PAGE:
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S-Ata connections unreliable

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    Advanced Member

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Hello everybody!


I experience unreliable S-ata connections, month after month. I do connect different internal disks from time to time, change their positions on the ports, but not very frequently nor brutally. It's still not very clear to me; the connections improve when I replace the cables.


Some disks or adapters have a cable latch, others don't, apparently this isn't the cause.


All disk and mobo connectors allow for some movements of the cables' connectors, something I didn't expect.


Possibly the cables or the contacts are sensitive to roll, more than to pitch and yaw. A bit obscure still.


I'm very disappointed and upset, because I didn't have such worries with P-ata, and the older Usb cables and connectors (which served as a model for serial links like S-ata) are very reliable despite being manoeuvred thousand times more often and being exposed to harsh treatment at a computer's back.


So I'd like to hear from your experience, for instance:

- Are the cables destroyed internally? Or is it a bad contact between the connectors?

- What are the kind of movements to avoid, if any?

- Are there bad brands or models of S-ata cables? The ones I got with Gigabyte's mobo failed as well.

- Other explanations?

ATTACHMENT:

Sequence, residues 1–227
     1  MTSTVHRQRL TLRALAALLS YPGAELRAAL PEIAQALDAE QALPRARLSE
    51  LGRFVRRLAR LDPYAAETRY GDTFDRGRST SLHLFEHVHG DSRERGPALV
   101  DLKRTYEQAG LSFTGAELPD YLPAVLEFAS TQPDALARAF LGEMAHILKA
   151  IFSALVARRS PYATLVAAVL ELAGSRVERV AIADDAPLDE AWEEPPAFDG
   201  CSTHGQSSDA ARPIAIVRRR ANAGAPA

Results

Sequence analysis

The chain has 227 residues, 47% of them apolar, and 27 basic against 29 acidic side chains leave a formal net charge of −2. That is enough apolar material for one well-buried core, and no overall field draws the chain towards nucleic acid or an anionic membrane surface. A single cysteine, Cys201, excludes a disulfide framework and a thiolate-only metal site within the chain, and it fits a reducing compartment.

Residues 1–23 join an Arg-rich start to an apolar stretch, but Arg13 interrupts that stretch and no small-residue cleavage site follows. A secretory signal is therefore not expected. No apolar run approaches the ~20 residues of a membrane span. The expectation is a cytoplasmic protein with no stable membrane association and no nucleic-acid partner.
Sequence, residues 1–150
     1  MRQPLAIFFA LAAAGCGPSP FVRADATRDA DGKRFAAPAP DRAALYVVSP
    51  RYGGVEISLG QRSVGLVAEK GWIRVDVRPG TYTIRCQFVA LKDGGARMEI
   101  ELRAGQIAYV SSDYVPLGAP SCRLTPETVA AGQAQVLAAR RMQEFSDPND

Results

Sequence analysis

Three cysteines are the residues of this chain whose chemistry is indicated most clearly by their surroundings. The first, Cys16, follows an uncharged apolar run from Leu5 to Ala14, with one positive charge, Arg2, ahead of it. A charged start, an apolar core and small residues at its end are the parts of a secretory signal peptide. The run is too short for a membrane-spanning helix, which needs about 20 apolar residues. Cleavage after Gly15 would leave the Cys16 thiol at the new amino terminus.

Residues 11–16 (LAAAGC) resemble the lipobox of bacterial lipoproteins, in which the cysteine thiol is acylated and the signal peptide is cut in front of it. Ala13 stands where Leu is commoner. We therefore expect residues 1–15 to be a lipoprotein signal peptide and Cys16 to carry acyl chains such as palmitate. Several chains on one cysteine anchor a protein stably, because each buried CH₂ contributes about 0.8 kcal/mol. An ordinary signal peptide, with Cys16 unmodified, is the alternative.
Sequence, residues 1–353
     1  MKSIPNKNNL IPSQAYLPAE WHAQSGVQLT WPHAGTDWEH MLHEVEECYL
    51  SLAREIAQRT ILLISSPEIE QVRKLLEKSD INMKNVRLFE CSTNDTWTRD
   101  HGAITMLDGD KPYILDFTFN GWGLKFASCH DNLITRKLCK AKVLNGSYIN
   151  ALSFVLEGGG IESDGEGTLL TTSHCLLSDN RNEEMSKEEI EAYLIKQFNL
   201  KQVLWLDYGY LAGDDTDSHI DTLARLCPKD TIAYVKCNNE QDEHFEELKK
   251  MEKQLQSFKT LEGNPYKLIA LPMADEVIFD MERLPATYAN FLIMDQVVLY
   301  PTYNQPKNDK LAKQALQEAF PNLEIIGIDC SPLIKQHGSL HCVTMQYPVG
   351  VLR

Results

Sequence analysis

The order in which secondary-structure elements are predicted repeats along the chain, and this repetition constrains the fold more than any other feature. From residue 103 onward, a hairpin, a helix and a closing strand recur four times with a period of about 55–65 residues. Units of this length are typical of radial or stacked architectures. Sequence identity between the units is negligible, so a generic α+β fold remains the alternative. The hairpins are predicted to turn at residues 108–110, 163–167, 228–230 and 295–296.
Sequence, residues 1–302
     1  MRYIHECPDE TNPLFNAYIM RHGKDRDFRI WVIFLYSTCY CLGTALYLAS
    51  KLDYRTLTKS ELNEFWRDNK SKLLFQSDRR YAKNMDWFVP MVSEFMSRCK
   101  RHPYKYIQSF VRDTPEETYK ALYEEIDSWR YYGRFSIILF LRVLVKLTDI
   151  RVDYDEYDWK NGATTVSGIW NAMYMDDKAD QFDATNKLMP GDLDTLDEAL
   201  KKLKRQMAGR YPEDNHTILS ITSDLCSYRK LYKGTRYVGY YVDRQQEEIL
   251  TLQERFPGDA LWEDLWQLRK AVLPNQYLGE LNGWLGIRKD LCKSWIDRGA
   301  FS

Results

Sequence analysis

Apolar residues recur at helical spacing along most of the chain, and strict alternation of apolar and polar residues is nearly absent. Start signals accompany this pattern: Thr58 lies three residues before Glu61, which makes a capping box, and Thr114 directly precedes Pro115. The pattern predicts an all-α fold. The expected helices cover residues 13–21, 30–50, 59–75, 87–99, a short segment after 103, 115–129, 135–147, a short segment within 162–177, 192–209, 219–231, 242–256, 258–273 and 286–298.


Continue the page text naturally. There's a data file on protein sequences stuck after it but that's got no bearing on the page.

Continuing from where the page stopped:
Thank you!

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    WPI Guru

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I've never had one fail



    The Finder

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Well, to be fair, the SATA connector has been designed for 50 connections/reconnections :w00t: :ph34r:



In real life the connectors should last much longer than what the specs allow, still it is not a good idea to insert/remove frequently the SATA connector.


The "right angle" ones (WITH clips) are said to be more reliable, but cannot really say, but whenever possible I would use the "latching" ones, straight or right angle.


It is now a rather common issue, or at least it happened to me more than once (when you move, or send a PC through a courier, etc.) that on destination the PC doesn't boot up and on inspection the issue is the SATA connector on the cable, usually on the hard disk end, has come loose, and i have seen more than a few  "mail-ordered OEM" PC's arriving with a bit of "hot glue" or "silicon" over the connector on the hard disk to keep it steady or even with an elastic band to prevent them from getting loose.


As always having the contacts (on the hard disk and motherboard/card ) cleaned possibly using a specific product helps as I believe that such issues are due to the actual "springy effect" in the (cable side) connector losing some strength.





    K-Mart-ian Legend

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I've certainly gone beyond the 50 connections on many cables. I definately have had them go bad... but never diagnosed where the fault was. Only that with "this" cable the hdd has problems/isn't detected and "that" one works, was the most testing done.


I prefer to use the ones with the clips. The most reliable to me that I use in testing are the red ones with straight connectors with clips. They are more rigid that some other ones I've seen. One I have handy has this written on it:


E164571-KS * AWM 2725 60c 30V
Serial ATA Cable 26AWG  VW-1 BizLink Technology
E92245-001 BIZLINK 13 08


This example cable is the ones that come with Intel boxed motherboards. I am not certain if they also come with the BLK sku. The * in the quote is a symbol:




I will say that the cables themselves is not a big gripe to me. They are plentiful and cheap, so easy to replace. It is the sockets on the drives that tend to be a problem. I have a couple HDDs here where the plastic bit that the clip catches on has broken off, meaning the cable has more of a free-floating connection.

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